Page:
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Unconventional Monetary Reaction


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#1 Russ Winter

Russ Winter

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Posted 13 June 2012 - 11:01 PM

There are more and more hints of desperate central bank actions coming. Besides the usual suspects: limiting ATM withdrawals, imposing border checks, and introducing capital controls, there is what Weekend at Bennie calls  ”unconventional monetary policies” (UMP).  UMP is code for when some crony bankster is caught offside and blows up holding some form of leveraged fictitious capital.   This may for instance translate into expanded  currency swap facilities or buying new types of fictitious capital.   UMP is the “help” offered to the bankster and kleptocrats so that they don’t immediately (as in over-the-weekend) bring down the whole corrupt sistema. These usually involve “emergency” weekend meetings, hence the nickname “Weekend at Bennie’s”, meaning Ben Bernanke of course.UMP is not really a policy, but an ad hoc reaction. Although you will start hearing the term UMP soon enough,  that one is plucked straight from the bowels of the Ministry of Truth. Therefore my Winterism for this will be UMR, or “unconventional monetary reaction”.  Here is a prime example of what UMR sounds like.

BOE’S POSEN SAYS TIME FOR CENTRAL BANKS, INCLUDING BOE, TO BUY PRIVATE ASSETS, POSEN SAYS BUYING PRIVATE-SECTOR ASSETS WOULD HELP ECONOMY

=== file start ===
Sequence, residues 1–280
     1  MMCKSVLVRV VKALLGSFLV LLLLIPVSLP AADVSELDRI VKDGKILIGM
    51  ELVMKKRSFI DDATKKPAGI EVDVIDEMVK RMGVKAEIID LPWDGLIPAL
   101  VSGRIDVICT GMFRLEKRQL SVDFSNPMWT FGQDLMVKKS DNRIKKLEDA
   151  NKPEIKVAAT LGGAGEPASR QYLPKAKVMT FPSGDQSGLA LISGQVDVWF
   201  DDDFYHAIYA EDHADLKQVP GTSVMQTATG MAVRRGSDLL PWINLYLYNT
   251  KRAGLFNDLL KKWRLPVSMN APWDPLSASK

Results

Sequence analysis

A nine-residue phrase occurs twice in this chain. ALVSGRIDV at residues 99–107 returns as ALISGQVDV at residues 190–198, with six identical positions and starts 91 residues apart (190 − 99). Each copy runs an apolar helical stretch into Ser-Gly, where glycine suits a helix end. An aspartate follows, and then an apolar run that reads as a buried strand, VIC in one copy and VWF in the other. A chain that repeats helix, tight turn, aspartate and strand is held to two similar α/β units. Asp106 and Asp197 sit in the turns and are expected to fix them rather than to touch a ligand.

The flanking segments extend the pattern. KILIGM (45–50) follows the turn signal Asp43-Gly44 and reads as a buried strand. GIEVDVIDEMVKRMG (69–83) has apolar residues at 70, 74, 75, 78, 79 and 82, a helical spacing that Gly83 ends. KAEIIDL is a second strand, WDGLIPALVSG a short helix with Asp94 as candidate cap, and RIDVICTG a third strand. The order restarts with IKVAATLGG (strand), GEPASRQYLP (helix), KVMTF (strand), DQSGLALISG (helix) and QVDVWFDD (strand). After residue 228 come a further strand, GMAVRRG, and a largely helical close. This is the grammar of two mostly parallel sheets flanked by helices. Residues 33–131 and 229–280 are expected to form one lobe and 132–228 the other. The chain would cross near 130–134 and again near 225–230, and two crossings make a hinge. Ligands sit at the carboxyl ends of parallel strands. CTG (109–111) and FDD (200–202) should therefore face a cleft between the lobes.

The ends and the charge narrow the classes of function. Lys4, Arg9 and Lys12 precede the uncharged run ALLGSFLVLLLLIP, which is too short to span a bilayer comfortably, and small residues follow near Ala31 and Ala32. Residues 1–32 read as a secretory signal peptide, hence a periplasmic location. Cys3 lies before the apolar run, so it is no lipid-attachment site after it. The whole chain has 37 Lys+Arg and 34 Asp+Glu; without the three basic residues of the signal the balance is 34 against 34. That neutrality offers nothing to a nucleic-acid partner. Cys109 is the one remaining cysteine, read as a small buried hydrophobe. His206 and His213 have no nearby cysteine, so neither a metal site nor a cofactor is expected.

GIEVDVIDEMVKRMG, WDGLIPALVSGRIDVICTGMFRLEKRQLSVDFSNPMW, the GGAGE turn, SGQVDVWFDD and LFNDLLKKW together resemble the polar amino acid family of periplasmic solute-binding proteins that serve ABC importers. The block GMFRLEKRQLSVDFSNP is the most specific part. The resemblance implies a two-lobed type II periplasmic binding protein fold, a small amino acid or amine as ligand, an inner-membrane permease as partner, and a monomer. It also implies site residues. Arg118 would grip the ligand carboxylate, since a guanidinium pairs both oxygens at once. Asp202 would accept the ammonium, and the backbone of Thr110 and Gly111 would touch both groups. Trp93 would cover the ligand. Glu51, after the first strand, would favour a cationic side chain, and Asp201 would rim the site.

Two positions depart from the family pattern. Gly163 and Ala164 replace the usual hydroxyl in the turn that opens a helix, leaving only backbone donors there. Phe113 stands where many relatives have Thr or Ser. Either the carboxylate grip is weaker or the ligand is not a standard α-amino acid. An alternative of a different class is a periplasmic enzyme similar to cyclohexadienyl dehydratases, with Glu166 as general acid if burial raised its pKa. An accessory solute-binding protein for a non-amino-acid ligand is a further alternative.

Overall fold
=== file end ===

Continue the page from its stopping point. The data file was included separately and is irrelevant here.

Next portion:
UMR can take all kinds of forms, but almost universally the outcome will be bizzare and unpredictable.  The first rule is that the Bernanke and Government put is just not at the high strike generally imagined. The second rule of calibrating UMR from an actionable point of view is that the monetary printing or QE will not go where the Wizards want it to go. In fact most likely it will end up where they don’t want it to go.As a result UMR will have a very depressive effect on the real economy and especially consumers. Wizards then try to counter that by screwing even more with the markets, changing the rules, allowing banksters to loot customer’s money MF Global style, outlawing shorts, arresting speculators and hoarders, seizures, changing margin requirements, strategic releases and so on.Besides harming gente around the world,  I think that one “unintended” place UMR tends to flow is the energy and resource sector.  This sector is already highly disrupted because of the capital destruction shenanigans of CHK and their ilk.  However now is not yet the time to speculate on leveraged, capital destroyers.  Timing is important, but I feel $75 is equilibrium on oil, and UMR and/or geopolitics could easily create a standard two deviation move higher, not lower.A two deviation higher event or even one and a half will create monster home runs in the derivative names in energy and in what is called the New Industrial Revolution (NIR). I am following up tomorrow with my post on NIR, an important concept.  An example of prime NIR names would be PWER and GTAT which represent extreme deep value, barely trading above cash value.Even more important than UMR and geopolitics, to even maintain global energy supplies and to prevent collapse requires huge expenditures and capex.  Fail to spend and turn out the lights.  Skip adding nutrients to soil,  get a bad crop and so on.   In fact this is classic collapse theory (see Joseph Tainter, Jared Diamond) which I would strongly recommend that you have an solid understanding of. The core principle of collapse economics holds that in the energy-complexity spiral, complex systems thrive on cheap energy. Historically, this has been true of food, which is highly correlated.The Tainter complexity principle states that the status quo can only be maintained at enormous cost, with wealth used up just maintaining food production, water supply and hydrocarbon energy.   I wrote a series of posts on this topic starting with:Collapse Outcomes: Hitting the Food Brick Wall: Part IWater Roulette  -and especially HydrocarbonsThis is NOT a risk on trade, it is a survival trade. Personally I feel the planet is going to come up short on the investment necessary, but that doesn’t mean there won’t be an attempt to stem it.  These trades are pending the trading actionable discussed in Wednesday’s post.Right now we are offered a very good opening in this under-owned complexity maintenance concept. . Besides uranium, which I discussed,  I would favor the pick and shovel service companies at this juncture. An example is a  company like McDermott (MDR).   MDR is an engineering, procurement, construction and installation company focusing on complex offshore oil and gas projects worldwide.Numerous insiders made over $2.5mm in new purchases recently. The big one was at 9.64, which is the level I will try and enter. The company reported a quarter in May that easily beat estimates. The company just won new two contracts on platforms in the Gulf of Mexico and West Africa.The stock is selling at the bottom of its five year valuation range based on P/E, P/B, P/S and P/CF.   The company has approximately $750mm in net cash on its books (over 30% of market capitalization). It is selling for under 9 times forward earnings and 6 times on an enterprise value basis. The stock has good technical support at the 9.50-10 level.Other situations are the offshore oil-field services stocks which will benefit from the end of easy oil, and the increasing expense of incremental production just to maintain production.  Current “simple risk on-risk-off” trading patterns  completely fail to comprehend the Tainter complexity maintenance theory.  I will have more on these companies as events unfold.

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